Barnier: "What is at stake is the smooth organisation of our future relations, not sovereignty"

Highlights from the speech delivered by Michael Barnier in Brussels in the European Parliament on 21.10.2020 that are relevant for Customs & Global Trade

  1. The European Council reaffirmed to our British partners and friends that, as we have always said, the European Union wants an agreement.

  2. An agreement that is to the mutual benefit of each party, that respects the autonomy and sovereignty of each party and that reflects a balanced compromise.

  3. There will be no agreement at any price.

  4. What is at stake today in these negotiations is not the sovereignty of one side or the other. We have made it clear [...] that we will respect the decision-making autonomy of the European Union and the sovereignty of the United Kingdom. What is at stake is the smooth organisation of our future relations after the divorce, which is now an established fact.

  5. I believe that an agreement is within reach

  6. In other areas, although there is still disagreement, we are beginning to see possible solutions emerge: in particular as regards trade in goods and services.

Why the Canadian Model does not work

"The level playing field – those economic and commercial ‘fair play' rules that must be at the heart of our partnership. The British often refer in their speeches to the Canadian model. We are uniquely close to the United Kingdom geographically and have been building an economic interconnection with the British for 47 years. So this situation is not comparable with any other. Moreover, it is the first time in our 60-year history that we have negotiated a trade treaty with a third country that: is on a ‘zero tariffs, zero quotas' basis; has no precedent, whether with Canada or with Japan; and is being negotiated in a context of regulatory divergence, not convergence.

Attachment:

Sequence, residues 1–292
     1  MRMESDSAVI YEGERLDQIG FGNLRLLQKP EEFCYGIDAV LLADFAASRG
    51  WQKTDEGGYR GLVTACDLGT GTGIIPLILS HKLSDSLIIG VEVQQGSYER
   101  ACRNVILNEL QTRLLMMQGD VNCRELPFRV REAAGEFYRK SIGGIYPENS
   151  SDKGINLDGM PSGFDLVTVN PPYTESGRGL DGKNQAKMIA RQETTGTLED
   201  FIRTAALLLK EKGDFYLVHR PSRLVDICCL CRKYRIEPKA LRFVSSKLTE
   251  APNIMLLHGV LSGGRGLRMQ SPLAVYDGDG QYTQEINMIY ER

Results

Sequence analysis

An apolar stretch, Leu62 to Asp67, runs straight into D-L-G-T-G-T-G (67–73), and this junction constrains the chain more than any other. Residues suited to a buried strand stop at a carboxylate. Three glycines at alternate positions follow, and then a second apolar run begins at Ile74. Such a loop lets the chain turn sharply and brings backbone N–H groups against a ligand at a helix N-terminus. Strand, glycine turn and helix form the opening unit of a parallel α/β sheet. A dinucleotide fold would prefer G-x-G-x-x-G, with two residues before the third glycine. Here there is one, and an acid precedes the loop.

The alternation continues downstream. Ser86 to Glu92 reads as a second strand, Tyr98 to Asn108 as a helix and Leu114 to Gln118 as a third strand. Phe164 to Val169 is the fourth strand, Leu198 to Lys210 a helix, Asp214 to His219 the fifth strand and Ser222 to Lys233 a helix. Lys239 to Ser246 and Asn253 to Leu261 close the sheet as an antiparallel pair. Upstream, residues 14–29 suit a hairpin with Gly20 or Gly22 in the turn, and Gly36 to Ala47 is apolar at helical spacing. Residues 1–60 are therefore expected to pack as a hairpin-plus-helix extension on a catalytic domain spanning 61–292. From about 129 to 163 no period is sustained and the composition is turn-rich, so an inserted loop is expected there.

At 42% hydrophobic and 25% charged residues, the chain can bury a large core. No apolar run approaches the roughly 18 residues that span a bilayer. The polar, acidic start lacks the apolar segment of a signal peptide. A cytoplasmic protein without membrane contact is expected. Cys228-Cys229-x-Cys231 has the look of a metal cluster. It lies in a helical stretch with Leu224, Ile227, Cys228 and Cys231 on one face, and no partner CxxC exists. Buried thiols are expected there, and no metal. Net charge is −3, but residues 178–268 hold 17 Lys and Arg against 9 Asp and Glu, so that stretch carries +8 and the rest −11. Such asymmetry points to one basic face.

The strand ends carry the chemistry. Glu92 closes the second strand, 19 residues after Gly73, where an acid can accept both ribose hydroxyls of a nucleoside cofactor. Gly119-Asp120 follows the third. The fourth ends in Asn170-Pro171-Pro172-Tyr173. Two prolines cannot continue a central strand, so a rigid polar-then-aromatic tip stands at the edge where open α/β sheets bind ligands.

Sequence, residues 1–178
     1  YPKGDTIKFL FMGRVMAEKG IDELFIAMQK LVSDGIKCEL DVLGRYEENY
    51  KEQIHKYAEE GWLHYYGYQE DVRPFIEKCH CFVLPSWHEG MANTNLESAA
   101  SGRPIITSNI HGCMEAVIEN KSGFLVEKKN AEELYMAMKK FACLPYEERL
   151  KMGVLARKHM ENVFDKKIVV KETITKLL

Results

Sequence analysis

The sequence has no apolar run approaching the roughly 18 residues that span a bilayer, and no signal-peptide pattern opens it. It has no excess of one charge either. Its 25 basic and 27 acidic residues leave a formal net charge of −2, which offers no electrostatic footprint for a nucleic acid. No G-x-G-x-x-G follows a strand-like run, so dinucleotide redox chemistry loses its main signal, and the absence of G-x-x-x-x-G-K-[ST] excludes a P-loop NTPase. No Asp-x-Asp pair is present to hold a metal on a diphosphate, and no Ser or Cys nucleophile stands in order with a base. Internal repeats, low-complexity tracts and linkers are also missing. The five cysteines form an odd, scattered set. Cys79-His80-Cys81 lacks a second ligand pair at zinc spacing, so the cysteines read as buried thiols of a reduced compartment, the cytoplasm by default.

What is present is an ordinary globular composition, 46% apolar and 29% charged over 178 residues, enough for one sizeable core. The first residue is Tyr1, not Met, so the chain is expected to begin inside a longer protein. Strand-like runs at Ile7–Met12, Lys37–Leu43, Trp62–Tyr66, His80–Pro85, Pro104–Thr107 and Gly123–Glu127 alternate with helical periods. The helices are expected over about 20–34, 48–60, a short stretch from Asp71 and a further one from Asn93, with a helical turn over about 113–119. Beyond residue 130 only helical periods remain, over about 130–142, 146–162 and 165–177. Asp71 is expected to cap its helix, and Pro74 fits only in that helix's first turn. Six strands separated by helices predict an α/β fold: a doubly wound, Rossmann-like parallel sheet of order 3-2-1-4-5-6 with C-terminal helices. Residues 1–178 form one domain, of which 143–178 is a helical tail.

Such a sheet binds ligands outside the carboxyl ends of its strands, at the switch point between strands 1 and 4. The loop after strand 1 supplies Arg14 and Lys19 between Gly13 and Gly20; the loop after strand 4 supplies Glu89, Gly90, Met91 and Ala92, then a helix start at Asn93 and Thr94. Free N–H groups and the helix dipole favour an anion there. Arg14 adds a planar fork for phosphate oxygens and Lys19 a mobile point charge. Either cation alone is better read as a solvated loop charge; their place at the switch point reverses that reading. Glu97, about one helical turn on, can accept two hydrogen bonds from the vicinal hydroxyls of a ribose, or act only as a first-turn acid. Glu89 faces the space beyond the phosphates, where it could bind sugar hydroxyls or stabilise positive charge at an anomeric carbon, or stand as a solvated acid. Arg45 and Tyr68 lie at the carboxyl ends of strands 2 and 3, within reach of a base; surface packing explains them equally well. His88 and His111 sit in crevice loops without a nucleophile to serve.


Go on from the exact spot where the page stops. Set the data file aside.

Level Playing Field

The need for a genuine level playing field remains a fundamental requirement of the Union, as stated at the European Council. In recent days we have observed with interest that the British are prepared to work on fundamental principles for a specific State aid control system in a future agreement, which would go beyond the system provided for in existing free trade agreements, and also on non-regression standards, with genuine guarantees of national implementation, and a dispute settlement mechanism. But these intentions have yet to be reflected in the negotiation. It is also necessary for each party to adopt unilateral measures in response to risks of distortion of competition.


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